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A common cortactin gene variation confers differential susceptibility to severe asthma.

Authors
  • Ma, Shwu-Fan
  • Flores, Carlos
  • Wade, Michael S
  • Dudek, Steven M
  • Nicolae, Dan L
  • Ober, Carole
  • Garcia, Joe G N
Type
Published Article
Journal
Genetic Epidemiology
Publisher
Wiley (John Wiley & Sons)
Publication Date
Dec 01, 2008
Volume
32
Issue
8
Pages
757–766
Identifiers
DOI: 10.1002/gepi.20343
PMID: 18521921
Source
Medline
License
Unknown

Abstract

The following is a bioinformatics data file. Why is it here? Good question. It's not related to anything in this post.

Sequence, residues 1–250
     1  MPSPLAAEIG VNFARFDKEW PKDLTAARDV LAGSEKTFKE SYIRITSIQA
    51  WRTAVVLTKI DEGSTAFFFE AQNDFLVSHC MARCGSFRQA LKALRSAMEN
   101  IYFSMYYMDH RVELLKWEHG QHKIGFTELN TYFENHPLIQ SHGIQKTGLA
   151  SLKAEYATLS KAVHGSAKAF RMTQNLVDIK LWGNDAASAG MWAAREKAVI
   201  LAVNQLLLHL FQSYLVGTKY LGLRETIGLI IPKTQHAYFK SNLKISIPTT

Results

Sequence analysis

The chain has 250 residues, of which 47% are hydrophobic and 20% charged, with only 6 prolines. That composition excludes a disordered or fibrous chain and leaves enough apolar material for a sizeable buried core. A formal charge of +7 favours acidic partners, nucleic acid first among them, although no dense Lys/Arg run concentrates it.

Genomic regions with replicated linkage to asthma-related phenotypes likely harbor multiple susceptibility loci with relatively minor effects on disease susceptibility. The 11q13 chromosomal region has repeatedly been linked to asthma with five genes residing in this region with reported replicated associations. Cortactin, an actin-binding protein encoded by the CTTN gene in 11q13, constitutes a key regulator of cytoskeletal dynamics and contractile cell machinery, events facilitated by interaction with myosin light chain kinase; encoded by MYLK, a gene we recently reported as associated with severe asthma in African Americans. To evaluate potential association of CTTN gene variation with asthma susceptibility, CTTN exons and flanking regions were re-sequenced in 48 non-asthmatic multiethnic samples, leading to selection of nine tagging polymorphisms for case-control association studies in individuals of European and African descent. After ancestry adjustments, an intronic variant (rs3802780) was significantly associated with severe asthma (odds ratio [OR]: 1.71; 95% confidence interval [CI]: 1.20-2.43; p=0.003) in a joint analysis. Further analyses evidenced independent and additive effects of CTTN and MYLK risk variants for severe asthma susceptibility in African Americans (accumulated OR: 2.93, 95% CI: 1.40-6.13, p=0.004). These data suggest that CTTN gene variation may contribute to severe asthma and that the combined effects of CTTN and MYLK risk polymorphisms may further increase susceptibility to severe asthma in African Americans harboring both genetic variants.

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